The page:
We at Humphrey House were recently contacted by Chicagoland's surburban newspaper, The Daily Herald, as they wanted to photograph us for a reprint of the WSJ article "The Three Martini Revolution." Due to the negative slant this article took, we at first declined the request, but subsequently decided that it would be acceptable as long as they wouldn't mind clearing up some of the misconceptions.
So they did, and we are very grateful to the staff for allowing us to correct the misconceptions. The article came out yesterday (Sunday 10/29) in the Daily Herald's Home section. The online article has some of the editorial additions but doesn't have the photo they took of us.
Perhaps most exciting from this secondary episode was that the experience gave us a chance to feel better about the media and journalists. The reporter we worked with, Deborah Donovan, was very sympathetic and helpful. Thanks Debbie!
Sidenote: There has been quite a lively discussion (with some great Halloween costumes) over on houseblogs.net about the whole Drink and Demolish debacle.
PS. More recently, the Today Show also allowed us to set the record straight!
Tuesday, October 23, 2007
A few weeks ago, houseblogs.net approached us to see if we would be interested in evaluating a product from an environmental perspective. There are so many companies out there "greenwashing" their products and services (such as GE's Ecoimagination) that it is sometimes hard to cut through some of the fluff to find a quality product.
While we at Humphrey House aren't professional experts by any means, we are probably a bit more knowledgeable of some green building practices than the typical DIY homeowner. Jay's involvement with the USGBC helps out a bit in that regard. So even though we aren't yet ready to paint our kitchen, we offered to give our two cents on the "green" concepts for this product.
The product is the "EZ Clean Paint Brush", which essentially is a quality polyester bristle paintbrush. But this is not just any paintbrush, mind you. The brush's body has been ingeniously designed to allow water to flow through the handle, and out where the bristles are attached. The other end of the brush is threaded to attach to a utility sink or garden hose. The net result is that cleanup should only take "less than a minute" after a paint job.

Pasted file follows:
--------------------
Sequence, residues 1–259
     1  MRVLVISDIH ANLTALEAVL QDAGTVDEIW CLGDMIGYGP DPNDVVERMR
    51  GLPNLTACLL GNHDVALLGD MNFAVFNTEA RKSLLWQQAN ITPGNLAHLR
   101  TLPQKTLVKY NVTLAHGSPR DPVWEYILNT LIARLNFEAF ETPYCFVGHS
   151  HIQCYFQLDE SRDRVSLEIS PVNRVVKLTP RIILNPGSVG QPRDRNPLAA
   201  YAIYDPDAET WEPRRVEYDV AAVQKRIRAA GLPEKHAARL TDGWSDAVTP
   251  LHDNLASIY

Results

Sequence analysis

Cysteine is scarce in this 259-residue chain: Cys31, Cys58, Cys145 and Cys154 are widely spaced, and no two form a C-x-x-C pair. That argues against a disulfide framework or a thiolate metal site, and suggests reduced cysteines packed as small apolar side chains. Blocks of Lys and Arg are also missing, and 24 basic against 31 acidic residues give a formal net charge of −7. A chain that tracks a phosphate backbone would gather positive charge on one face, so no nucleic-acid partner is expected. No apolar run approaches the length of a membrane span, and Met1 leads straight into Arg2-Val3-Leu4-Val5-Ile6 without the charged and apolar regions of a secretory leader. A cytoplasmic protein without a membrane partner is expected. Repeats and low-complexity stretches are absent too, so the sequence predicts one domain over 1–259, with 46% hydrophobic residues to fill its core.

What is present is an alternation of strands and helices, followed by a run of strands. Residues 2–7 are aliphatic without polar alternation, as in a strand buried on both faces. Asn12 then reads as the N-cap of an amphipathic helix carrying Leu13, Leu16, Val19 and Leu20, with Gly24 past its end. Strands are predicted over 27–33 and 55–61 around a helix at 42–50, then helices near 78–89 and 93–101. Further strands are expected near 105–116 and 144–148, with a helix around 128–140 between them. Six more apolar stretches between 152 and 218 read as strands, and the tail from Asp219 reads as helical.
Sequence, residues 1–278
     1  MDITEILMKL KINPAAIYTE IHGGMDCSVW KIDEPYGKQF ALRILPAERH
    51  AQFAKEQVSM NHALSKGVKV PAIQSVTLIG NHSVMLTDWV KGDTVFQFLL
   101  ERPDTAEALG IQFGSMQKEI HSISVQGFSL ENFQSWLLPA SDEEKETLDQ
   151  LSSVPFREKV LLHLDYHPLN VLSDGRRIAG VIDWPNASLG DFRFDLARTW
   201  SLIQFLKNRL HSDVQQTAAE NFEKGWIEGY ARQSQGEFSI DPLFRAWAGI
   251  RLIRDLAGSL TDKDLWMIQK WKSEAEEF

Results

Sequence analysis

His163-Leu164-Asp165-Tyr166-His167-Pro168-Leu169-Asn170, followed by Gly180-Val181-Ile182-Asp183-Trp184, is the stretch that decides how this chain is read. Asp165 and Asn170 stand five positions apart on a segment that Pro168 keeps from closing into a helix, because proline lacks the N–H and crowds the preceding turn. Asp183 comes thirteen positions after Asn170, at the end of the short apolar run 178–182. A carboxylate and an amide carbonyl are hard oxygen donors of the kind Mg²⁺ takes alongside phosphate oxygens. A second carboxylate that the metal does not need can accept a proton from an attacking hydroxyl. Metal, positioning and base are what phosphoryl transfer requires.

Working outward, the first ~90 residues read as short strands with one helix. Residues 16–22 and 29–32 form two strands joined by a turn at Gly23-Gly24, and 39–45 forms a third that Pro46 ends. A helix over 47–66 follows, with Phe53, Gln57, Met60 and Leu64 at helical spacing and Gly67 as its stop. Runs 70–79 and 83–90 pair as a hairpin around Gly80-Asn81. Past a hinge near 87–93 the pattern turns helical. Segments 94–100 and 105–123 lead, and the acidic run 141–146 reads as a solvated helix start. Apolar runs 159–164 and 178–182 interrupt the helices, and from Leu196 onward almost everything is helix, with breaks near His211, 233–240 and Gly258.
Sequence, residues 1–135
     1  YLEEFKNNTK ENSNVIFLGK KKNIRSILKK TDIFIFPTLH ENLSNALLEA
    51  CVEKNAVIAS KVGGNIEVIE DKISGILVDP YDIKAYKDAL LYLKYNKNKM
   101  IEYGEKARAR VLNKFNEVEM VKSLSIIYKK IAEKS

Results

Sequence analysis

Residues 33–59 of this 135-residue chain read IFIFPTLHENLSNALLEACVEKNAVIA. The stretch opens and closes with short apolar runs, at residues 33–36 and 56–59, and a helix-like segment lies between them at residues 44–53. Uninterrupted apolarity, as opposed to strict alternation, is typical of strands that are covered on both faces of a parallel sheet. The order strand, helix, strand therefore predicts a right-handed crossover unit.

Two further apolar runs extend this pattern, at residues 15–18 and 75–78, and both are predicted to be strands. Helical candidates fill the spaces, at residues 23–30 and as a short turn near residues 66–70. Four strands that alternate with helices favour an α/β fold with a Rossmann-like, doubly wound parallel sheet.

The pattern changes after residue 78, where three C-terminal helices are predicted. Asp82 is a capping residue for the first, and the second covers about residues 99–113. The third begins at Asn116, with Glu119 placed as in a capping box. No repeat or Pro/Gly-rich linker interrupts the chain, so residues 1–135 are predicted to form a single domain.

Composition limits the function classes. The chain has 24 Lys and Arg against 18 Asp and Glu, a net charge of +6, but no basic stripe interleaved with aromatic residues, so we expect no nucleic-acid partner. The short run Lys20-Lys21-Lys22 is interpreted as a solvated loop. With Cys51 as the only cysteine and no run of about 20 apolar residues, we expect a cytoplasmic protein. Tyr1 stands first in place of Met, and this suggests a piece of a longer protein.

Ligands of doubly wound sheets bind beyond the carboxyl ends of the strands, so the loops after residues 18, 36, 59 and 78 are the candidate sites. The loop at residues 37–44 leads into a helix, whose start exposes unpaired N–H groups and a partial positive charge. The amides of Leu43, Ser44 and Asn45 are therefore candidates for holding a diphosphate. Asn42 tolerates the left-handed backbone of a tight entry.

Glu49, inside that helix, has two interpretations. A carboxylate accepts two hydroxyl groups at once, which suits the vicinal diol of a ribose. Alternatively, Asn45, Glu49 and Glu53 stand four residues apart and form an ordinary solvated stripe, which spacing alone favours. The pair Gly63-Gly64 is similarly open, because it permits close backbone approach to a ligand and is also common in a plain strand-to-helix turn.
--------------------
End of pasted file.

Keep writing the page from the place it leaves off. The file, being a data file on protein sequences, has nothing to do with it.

Upon first seeing the name "EZ Clean", my initial impression was "great, here's another product hopping on the green bandwagon". But after reading the overview fact sheet claiming a clean brush in less than a minute (possibly 30 seconds!) I like the product in theory.
Depending on the size of the brush (and how much paint as loaded up on it) I've found it usually takes me 5-10 minutes to clean out a standard brush after using it. The EZ Clean Paintbrush's claim to green-ness is based on its water conservation features.
So let's try some guess-timations to quantify this. Typically, an older utility sink faucet or hose bibb will deliver 2 to 4 gallons per minute (gpm) of water – new faucets are around 2 gpm or less. So if we find a happy medium and state that a typical utility sink has an average rate of 2.2 gpm, here are our calculations for total water used in cleanup:
EZ Clean Paint Brush: 2.2 gpm X 1 minute = 2.2 total gallons of water
Standard brush: 2.2 gpm x 7 minutes = 15.4 total gallons of water
Based on the many assumptions above, the EZ Clean uses 14.3% of the water during a typical paintbrush cleanup. So from a water conservation perspective, the EZ Clean wins all sustainability arguments.
Manufacturing and Waste
In a thorough sustainability mindset such as cradle-to-cradle, there are other "green" aspects to consider besides the obvious water conservation features. The manufacturer has designed this product to last a long time, and in doing so has chosen many synthetic materials. The energy used in the production of oil-based plastics and synthetic polymers is far greater than a traditional wood handled paint brush.
The manufacturing process for plastics and synthetic polymers is generally fraught with wasteful business practices, and the EZ Clean Paint Brush gives me no reason to think otherwise. While the "Made in China" label does not necessarily guarantee non-sustainable manufacturing practices (reference), it is not outside the realm of possibility.